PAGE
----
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Unnerving Berlin

Germany's lower growth hits companies

Image source: Africa Studio, Valentyn Volkov - Shutterstock

What's going on?

An influential German research group cut its forecast for the country’s 2019 economic growth from 1.1% to 0.6% on Thursday. And judging by two major German companies simultaneously reporting earnings, it’s not wrong…

What does this mean?

Germany’s Lufthansa, Europe’s largest airline, disclosed descending profit last quarter. It fell 11%, thanks to a fare-war headwind – and investors sent Lufthansa’s stock down 6% on Thursday. The airline also announced a cautious forecast for 2019 as it struggles with higher fuel prices (costing it an estimated $735 million extra this year) and losses at its Eurowings budget carrier.


RWE, meanwhile – Germany’s largest electricity producer – reported 2018 annual profit that short-circuited and fell 29%, thanks to lower electricity prices in the country. RWE also said further declines this year are likely – one major reason being the shrinking profitability at its “conventional” power plants.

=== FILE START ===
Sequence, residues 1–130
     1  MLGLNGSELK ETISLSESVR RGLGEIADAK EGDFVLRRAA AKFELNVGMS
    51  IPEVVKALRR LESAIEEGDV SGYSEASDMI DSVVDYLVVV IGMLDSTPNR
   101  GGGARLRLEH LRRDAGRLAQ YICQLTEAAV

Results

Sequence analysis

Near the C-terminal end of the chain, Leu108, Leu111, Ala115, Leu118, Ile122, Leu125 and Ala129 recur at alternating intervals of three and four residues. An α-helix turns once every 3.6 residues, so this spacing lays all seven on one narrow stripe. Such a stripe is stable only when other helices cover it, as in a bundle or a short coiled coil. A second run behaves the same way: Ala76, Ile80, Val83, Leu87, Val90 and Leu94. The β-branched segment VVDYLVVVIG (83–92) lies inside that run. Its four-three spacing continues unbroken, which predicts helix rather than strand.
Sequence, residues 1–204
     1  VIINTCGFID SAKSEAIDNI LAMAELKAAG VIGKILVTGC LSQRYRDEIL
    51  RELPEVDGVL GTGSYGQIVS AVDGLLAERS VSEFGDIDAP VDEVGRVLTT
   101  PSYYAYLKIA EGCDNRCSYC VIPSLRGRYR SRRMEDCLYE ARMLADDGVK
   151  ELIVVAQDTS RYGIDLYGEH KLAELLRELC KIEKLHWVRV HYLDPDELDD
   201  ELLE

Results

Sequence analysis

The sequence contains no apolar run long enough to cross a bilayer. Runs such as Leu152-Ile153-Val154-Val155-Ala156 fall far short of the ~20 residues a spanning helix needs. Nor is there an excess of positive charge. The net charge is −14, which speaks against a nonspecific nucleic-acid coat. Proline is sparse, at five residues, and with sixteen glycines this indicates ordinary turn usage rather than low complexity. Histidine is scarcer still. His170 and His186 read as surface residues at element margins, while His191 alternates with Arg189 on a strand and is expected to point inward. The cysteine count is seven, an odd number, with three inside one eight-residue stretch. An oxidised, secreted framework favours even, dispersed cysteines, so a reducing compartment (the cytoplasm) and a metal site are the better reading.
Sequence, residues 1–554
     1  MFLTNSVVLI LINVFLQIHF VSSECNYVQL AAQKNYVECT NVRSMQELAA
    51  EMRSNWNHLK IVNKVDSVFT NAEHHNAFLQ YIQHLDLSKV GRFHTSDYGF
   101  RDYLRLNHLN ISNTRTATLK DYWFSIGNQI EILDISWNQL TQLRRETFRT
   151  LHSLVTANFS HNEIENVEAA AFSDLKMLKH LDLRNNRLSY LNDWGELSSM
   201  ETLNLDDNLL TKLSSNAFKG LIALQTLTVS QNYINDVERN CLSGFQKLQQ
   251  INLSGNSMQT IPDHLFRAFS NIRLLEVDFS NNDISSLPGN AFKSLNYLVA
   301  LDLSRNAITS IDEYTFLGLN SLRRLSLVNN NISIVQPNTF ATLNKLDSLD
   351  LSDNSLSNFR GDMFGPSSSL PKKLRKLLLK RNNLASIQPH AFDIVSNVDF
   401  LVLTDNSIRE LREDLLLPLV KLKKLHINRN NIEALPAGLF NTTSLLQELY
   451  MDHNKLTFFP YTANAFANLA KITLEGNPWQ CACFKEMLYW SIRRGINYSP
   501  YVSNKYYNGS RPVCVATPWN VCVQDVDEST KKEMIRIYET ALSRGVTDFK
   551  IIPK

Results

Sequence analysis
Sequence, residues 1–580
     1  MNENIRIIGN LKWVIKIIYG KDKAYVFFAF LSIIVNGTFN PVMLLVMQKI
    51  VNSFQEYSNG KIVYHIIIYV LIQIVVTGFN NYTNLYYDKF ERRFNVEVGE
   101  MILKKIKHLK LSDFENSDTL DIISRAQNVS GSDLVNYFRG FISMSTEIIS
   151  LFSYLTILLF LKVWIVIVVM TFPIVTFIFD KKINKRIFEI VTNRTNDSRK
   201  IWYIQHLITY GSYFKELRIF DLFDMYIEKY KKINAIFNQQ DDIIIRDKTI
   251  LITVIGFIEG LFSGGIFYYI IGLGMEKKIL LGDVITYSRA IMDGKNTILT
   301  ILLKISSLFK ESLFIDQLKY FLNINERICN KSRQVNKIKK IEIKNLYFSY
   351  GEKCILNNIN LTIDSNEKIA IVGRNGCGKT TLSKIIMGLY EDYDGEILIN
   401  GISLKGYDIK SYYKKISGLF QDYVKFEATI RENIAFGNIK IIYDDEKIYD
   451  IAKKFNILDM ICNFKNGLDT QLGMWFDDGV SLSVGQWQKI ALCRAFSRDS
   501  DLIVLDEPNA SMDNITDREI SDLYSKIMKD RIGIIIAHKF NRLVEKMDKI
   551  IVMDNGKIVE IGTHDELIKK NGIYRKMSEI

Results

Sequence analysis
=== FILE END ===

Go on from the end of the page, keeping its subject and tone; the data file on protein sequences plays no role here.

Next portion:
Why should I care?

For markets: The best offense is a good defense.


Despite its fizzling profit, RWE increased the dividend it pays investors on Thursday – and they sent its stock up 2%. The company is in the process of swapping assets with soon-to-be ex-rival E.ON: focusing, respectively, on renewable energy production and power grids should mean less competition and more profit. E.ON also increased its dividend on Wednesday, even as its own profit fell. Such “defensive” stocks are in vogue with investors this year: good times or bad, people will always need power – and the utility companies that provide it have reasonably stable cash flows.



The bigger picture: Germany is no help to the eurozone.


A sizable chunk of Germany’s economy is driven by selling goods overseas. With the country’s giant autos sector suffering – partly from the US-China trade war – and the global economy losing steam, things aren’t looking so bright in 2019. As the eurozone’s biggest economy, weakness in Germany begets weakness overall: last week, the European Central Bank lowered its eurozone growth forecast for 2019 and announced additional support for banks in its 19 countries.

Originally posted as part of the Finimize daily email.

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